Research is clear that the therapeutic alliance (i.e., agreement on tasks and goals of therapy, and the bond between client and therapist) is an important predictor of client outcomes across theoretical orientations. It is also clear that ruptures or strains in the alliance occur often and can have a negative effect on client outcomes. One can define two types of ruptures: (1) withdrawal ruptures, in which the client moves away from the therapist by shutting down, changing the focus, or not completing session assignments; and (2) confrontation ruptures, in which the client moves against the therapist so that the relationship quality is low, the client is not collaborative, and the client does not agree with the goals of therapy. Repairing alliance ruptures can have a positive effect on client outcomes, and therapists can learn to repair alliance ruptures. What are the best strategies that a therapist can use to repair alliance ruptures? In this study of expert consensus, Eubanks and colleagues surveyed clinicians in three broad and different surveys. In the first survey, the authors asked 330 professional social workers and psychologists from a variety of theoretical orientations to describe situations in which they encountered alliance ruptures in clinical practice. The researchers categorized situations described by clinicians as withdrawal ruptures or as confrontation ruptures, and then the authors selected those scenarios that best represented each type of rupture. In a second independent survey, 177 clinicians indicated how they would advise a colleague seeking consultation to respond to each scenario of a therapeutic alliance rupture. Clinicians generated between 35 and 45 strategies to repair each type of alliance rupture. In the final part of the survey, training directors in psychology and social work programs nominated peer experts to rate the strategies for alliance repair, so that 134 peer-nominated expert clinicians provided ratings. There was a high level of consensus among experts such that between 55% and 74% agreed on effective strategies to repair alliance ruptures. Experts agreed that during the session in which the alliance rupture occurred therapists should: explore and empathize with the client`s anger at the therapist, and validate or legitimize the client`s position on the issue related to the rupture. Experts also agreed that in future sessions clinicians can use other strategies like: helping the client manage and cope with painful feelings related to the rupture, helping the client clarify and explore their emotions related to the rupture, and exploring the meaning and patterns of problematic relationships outside of therapy.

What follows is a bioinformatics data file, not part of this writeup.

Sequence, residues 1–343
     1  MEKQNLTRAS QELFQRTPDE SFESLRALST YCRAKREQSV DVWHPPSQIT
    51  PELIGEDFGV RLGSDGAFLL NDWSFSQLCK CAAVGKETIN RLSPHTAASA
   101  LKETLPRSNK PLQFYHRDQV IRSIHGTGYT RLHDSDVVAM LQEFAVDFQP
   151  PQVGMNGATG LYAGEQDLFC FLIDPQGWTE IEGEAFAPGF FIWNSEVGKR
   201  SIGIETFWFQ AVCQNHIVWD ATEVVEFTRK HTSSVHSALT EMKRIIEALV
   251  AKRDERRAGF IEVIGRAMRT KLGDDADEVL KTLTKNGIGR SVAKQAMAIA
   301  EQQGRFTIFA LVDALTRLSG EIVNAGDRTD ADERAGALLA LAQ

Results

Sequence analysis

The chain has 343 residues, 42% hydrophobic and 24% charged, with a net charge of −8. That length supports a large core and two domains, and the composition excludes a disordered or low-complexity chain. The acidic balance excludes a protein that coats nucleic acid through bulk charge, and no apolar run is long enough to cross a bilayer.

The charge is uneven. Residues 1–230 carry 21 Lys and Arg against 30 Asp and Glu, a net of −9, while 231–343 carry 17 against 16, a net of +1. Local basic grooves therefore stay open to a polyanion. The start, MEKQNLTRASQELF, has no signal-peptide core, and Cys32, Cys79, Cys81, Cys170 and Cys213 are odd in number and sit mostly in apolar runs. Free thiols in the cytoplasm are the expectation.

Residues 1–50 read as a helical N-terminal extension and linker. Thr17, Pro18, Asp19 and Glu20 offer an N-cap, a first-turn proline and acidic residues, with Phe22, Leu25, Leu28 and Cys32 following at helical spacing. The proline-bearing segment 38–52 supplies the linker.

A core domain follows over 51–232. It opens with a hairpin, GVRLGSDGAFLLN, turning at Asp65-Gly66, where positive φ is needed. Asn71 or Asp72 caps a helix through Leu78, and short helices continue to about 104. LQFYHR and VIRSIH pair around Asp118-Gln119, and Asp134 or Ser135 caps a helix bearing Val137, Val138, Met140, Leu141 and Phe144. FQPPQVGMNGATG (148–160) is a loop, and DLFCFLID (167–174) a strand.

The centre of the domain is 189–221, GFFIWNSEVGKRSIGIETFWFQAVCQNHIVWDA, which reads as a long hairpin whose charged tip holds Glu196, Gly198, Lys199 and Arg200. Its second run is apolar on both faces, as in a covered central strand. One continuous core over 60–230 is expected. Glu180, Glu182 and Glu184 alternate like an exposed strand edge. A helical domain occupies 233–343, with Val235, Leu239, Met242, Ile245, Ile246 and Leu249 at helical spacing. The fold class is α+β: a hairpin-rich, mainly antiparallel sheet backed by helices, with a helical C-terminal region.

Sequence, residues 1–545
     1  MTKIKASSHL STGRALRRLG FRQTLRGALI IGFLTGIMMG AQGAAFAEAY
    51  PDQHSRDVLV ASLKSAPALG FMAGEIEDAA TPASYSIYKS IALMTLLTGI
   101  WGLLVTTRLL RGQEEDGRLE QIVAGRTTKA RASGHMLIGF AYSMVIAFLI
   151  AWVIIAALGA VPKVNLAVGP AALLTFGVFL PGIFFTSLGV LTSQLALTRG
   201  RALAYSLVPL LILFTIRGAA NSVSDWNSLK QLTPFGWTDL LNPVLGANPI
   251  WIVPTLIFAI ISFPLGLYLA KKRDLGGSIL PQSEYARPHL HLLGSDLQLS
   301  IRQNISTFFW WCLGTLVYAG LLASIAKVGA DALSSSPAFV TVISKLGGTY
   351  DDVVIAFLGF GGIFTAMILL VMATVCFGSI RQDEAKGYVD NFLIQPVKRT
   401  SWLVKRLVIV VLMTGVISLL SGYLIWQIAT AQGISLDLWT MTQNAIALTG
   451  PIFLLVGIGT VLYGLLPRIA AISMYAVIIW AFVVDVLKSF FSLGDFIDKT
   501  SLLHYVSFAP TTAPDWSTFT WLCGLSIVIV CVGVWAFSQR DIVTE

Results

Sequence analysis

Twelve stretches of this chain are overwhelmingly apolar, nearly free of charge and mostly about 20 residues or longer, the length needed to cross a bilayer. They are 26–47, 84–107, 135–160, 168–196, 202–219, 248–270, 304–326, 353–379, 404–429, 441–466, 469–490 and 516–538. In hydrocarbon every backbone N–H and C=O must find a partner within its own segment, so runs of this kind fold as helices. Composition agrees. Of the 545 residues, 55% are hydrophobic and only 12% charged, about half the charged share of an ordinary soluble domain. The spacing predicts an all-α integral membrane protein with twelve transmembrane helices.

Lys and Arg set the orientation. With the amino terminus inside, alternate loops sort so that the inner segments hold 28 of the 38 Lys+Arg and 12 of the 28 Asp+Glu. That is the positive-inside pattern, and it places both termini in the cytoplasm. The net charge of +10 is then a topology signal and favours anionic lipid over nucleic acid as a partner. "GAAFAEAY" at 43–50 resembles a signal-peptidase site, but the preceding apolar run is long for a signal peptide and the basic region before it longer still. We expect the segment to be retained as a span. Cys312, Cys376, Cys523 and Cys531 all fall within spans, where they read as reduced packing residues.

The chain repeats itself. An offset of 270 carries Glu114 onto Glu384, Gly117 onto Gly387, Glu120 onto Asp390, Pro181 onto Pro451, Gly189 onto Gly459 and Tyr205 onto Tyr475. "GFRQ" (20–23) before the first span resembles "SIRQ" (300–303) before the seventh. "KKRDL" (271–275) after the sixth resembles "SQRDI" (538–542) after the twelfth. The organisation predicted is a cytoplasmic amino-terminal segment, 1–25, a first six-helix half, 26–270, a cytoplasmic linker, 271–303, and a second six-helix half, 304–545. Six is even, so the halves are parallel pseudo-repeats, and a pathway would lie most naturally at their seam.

Experts agreed that the best strategies to repair therapeutic alliance ruptures were to deal with the therapeutic bond (e.g., explore and empathize with the client`s anger at the therapist) and to validate the client`s position on the issue related to the rupture. Other strategies like helping the client cope with their reactions and feelings, and exploring the meaning and patterns related to the client`s response were also rated as helpful. Less helpful strategies included therapists communicating about the limits of therapy, and therapist self-disclosure of their reaction to the rupture.